There are only four days left to see "Bridges" – this exhibition will conclude on the last day of 2016. If you haven’t seen it yet (or even if you have), come in before the week is through and take a closer look as there is much more to this show than initially meets the eye:
All three of the landscape painters in this show incorporate abstract qualities into their work which creates a cohesion despite differing styles. Surrealist painter Frank Kallop’s work is full of strong organic elements which facilitates a sense of connectedness with our living environment.
Michael Schweigart’s landscapes are so close to the real thing that his work borders on photorealism. This exactness awakens in us an urge to both stand in awe of and identify with our natural world.
Realist painter Ted Walsh's deeply mysterious landscape paintings are consistent with this metaphysical theme that Frank and Michael have established: Ted attempts to reconcile his own perceptions with the external world through the process of painting.
Joanie Gagnon San Chirico and Sheila Grabarsky both use abstraction as a means of conveying their personal values and ideas. Sheila paints in acrylic while Joanie incorporates mixed media into her work; yet the same urgency to communicate a vital message is both seen and felt in the physical qualities of their surfaces.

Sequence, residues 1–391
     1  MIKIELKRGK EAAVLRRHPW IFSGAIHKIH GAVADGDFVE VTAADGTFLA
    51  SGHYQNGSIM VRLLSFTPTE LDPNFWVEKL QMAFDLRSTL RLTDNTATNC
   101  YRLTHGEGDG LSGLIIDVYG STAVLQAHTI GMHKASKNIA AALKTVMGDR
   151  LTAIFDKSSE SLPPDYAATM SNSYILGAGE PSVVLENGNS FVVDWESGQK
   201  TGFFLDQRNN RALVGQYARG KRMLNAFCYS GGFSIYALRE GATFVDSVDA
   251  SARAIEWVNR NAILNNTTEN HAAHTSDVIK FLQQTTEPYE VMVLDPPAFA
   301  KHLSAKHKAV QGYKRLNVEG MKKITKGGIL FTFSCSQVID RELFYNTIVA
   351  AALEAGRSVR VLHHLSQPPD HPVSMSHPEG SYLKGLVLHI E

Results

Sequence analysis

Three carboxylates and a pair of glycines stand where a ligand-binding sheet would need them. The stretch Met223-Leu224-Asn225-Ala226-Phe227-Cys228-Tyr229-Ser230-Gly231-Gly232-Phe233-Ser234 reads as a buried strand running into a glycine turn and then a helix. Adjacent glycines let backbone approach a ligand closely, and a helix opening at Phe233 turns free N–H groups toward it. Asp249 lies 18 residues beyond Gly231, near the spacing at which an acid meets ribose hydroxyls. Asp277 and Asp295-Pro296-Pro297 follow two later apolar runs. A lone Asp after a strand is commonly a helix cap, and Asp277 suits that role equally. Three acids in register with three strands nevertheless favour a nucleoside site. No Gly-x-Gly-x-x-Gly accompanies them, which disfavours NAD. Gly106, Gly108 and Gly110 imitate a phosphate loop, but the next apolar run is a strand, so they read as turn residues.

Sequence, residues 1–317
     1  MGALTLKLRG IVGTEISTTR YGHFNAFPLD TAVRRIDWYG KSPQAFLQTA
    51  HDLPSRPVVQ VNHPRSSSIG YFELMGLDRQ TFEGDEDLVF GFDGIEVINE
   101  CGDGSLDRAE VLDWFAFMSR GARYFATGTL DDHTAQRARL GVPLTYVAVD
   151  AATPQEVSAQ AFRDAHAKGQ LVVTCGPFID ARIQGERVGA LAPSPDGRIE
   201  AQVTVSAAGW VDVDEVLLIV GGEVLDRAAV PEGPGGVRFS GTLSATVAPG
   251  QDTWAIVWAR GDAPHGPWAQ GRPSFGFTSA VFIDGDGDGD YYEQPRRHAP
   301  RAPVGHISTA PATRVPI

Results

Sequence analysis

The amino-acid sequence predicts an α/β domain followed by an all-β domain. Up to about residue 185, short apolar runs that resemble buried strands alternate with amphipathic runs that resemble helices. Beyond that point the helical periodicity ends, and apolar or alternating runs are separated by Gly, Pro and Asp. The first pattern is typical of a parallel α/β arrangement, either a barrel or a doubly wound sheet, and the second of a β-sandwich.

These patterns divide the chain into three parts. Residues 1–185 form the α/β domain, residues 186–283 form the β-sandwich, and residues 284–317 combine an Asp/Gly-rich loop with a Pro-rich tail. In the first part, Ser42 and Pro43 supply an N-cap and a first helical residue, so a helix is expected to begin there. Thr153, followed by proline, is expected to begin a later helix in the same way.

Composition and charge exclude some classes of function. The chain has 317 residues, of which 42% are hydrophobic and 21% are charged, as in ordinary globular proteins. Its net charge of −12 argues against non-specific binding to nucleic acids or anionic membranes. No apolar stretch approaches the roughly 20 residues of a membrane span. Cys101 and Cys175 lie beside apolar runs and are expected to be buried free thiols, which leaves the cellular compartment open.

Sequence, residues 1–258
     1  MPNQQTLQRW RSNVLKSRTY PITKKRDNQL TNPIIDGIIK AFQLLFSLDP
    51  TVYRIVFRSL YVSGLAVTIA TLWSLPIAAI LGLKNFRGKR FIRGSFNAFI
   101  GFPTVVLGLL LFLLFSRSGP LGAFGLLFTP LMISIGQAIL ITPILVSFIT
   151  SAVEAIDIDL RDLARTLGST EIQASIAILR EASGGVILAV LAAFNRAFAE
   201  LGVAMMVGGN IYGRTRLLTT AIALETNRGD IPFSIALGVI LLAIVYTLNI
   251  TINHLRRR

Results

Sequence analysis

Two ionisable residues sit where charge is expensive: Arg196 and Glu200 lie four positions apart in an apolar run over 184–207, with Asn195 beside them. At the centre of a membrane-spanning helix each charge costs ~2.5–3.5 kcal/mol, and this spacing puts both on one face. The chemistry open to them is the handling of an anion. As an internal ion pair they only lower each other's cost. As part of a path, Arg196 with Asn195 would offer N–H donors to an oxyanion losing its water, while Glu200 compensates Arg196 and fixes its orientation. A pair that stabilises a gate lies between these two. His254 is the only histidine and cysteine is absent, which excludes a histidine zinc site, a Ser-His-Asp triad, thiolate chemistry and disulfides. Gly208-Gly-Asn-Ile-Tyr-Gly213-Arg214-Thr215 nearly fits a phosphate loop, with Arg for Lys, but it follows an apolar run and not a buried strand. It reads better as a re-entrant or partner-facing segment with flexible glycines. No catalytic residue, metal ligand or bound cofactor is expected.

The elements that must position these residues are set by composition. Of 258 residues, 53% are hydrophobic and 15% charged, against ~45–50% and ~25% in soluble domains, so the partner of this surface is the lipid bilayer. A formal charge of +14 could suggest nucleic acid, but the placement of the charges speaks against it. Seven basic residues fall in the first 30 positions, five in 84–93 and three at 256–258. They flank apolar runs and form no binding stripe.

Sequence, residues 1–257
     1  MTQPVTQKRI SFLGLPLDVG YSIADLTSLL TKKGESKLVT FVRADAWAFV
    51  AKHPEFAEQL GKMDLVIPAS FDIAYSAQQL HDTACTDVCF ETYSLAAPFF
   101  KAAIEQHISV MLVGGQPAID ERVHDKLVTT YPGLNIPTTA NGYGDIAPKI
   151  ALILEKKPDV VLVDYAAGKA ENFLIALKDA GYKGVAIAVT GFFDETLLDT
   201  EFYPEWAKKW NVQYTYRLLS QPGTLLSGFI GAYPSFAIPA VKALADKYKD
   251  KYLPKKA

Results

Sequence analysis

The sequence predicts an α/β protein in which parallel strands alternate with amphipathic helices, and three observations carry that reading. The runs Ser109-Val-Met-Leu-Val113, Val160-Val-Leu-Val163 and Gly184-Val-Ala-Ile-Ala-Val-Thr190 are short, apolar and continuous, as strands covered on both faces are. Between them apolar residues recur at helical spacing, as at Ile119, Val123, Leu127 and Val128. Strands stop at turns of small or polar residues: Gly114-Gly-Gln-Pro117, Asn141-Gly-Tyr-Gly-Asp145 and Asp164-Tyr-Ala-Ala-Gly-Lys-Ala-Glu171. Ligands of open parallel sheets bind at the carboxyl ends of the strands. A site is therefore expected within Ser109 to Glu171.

Sculptor Katherine Stanek and Painter Erin Endicott empower the voice of natural destruction in their work through the use of non-traditional materials: Katherine's figures are modeled in concrete while Erin uses pieces of discarded wood as supports for her paintings.
Much of the weathered surfaces are left visible in Erin's work and, just as Katherine, she employs an earth tone palate which further emphasizes a connection to the inevitability of nature.
Painters Sean Taylor and Terri Amig both create iconic imagery through the use bold color and centralized composition. Beyond these similarities in formal qualities, both artists successfully expose a shared intimacy with their subjects which arouses our curiosity, creating intrigue.
Three-dimensional artists Judith Rosenthal and Jacqueline Sandro produce two vastly different types of work yet both artists achieve a similar elegance, bridging the two worlds of craft and fine art. Judith’s delicate paper porcelain forms echo Jacqueline’s substantial figures and both stand with remarkable distinction and grace.
Visit Stanek Gallery before December 31 and see these works of art which serve as bridges between abstraction, surrealism and representation. Allow “Bridges” to inspire you as we enter a new year where the idea of forged connection will play heavily into our culture and our lives.